These are good examples of makeovers: taking an old and tired piece and with a bit of creativity, making something fresh and exciting. You are limited by as much as what you can imagine. Take the case of the giant round Oak table I wrote about earlier This was a complete transformation of an outdated and unwanted piece of furniture into something elegant, stylish and modern. Nothing went to waste. The left-over off cuts were transformed into stylish articulating lamps, stained black and fitted with built in wireless chargers. They now do service on our bedside tables (which themselves were made from cut-offs from floor boards). 

A funky black wood stain still revels the grain pattern. A built in wireless charger gives me place for my cell phone to sit.
A funky black wood stain still reveals the grain pattern. A built in wireless charger gives me place for my cell phone to sit. All from leftovers.

Renovation has a lot of benefits. Its fun to do and there is no end to how creative and innovative you can be. If you mess it up, its not a big deal since in many cases these were pieces that were destined for the trash heap anyway and mistakes can be fixed. Its easy for kids to get involved in this. Renovation is friendly for the environment. Reusing and recycling pieces keeps them out of landfills or incinerators. Many of these pieces of furniture are made from exotic and rare woods. Recycling the wood means trees and energy are saved and carbon footprint is decreased. It saves you money. The cost of renovation is way lower than buying new furniture and renovating a piece of furniture can increase its value. Sentimental pieces can be saved and the life of these pieces long extended. And there is something really special about owning something you yourself created. It is always much better to have a story to tell than “Yeah, bought that the other day”.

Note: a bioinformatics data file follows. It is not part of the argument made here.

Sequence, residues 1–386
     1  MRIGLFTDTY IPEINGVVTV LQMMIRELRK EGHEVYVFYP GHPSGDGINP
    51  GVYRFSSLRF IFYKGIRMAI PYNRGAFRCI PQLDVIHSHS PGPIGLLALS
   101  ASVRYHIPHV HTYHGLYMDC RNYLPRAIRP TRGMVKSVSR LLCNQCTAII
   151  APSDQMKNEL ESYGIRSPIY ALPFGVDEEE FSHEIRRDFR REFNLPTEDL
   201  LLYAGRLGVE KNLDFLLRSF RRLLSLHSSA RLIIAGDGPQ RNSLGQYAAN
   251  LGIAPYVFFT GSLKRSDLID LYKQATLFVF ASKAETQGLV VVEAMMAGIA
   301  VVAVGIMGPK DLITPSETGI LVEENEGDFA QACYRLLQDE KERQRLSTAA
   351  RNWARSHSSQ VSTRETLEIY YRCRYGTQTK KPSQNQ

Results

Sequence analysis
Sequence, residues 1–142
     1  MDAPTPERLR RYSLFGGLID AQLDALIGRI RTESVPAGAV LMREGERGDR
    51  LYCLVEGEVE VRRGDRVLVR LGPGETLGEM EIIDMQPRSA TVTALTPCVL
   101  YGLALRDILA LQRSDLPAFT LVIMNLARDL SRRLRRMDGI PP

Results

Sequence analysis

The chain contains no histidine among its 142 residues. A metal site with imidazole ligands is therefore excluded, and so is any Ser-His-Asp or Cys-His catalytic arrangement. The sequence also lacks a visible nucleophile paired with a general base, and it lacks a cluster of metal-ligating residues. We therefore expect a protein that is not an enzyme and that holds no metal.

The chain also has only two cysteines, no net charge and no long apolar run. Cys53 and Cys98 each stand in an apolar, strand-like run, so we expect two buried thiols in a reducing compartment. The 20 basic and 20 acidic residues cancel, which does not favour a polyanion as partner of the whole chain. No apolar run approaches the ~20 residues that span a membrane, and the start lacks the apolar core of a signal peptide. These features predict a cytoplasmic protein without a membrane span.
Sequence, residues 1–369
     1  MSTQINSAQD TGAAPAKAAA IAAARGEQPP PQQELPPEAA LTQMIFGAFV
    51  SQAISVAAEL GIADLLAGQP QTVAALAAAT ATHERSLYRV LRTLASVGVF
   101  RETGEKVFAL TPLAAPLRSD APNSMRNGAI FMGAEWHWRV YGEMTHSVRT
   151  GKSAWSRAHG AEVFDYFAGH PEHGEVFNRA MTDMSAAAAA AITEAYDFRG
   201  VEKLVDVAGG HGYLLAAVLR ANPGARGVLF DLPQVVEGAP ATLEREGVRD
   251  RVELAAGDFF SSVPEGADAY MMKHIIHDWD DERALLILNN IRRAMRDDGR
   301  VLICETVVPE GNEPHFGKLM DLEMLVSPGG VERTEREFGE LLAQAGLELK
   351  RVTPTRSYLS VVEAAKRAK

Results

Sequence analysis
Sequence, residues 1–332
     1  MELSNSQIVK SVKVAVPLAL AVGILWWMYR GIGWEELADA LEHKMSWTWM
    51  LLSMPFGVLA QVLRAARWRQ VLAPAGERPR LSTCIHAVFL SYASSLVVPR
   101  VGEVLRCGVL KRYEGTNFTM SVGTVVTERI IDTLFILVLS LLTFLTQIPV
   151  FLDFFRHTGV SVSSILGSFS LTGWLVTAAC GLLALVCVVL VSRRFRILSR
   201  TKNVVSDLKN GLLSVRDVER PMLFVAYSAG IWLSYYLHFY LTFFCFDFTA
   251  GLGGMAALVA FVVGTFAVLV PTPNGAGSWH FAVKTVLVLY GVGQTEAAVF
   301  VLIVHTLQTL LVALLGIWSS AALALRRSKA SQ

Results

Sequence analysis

In my last piece in this series, I will talk about chalk paint as a starting point for my final point about sustainable living.

Let There be Light

My love of lamps was inherited from my mother. We grew up in a house filled with lamps. Bedside lamps, table lamps, reading lamps, desk lamps. They were made from wood and brass, and plastic, and steel. The shades were plastic and glass, vinyl and cloth. Any type of lamp you could think of, we had in the house. Of course, me being me, I pretty much disassembled and reassembled every single one of them at one stage or another. Most of the time without my mother knowing.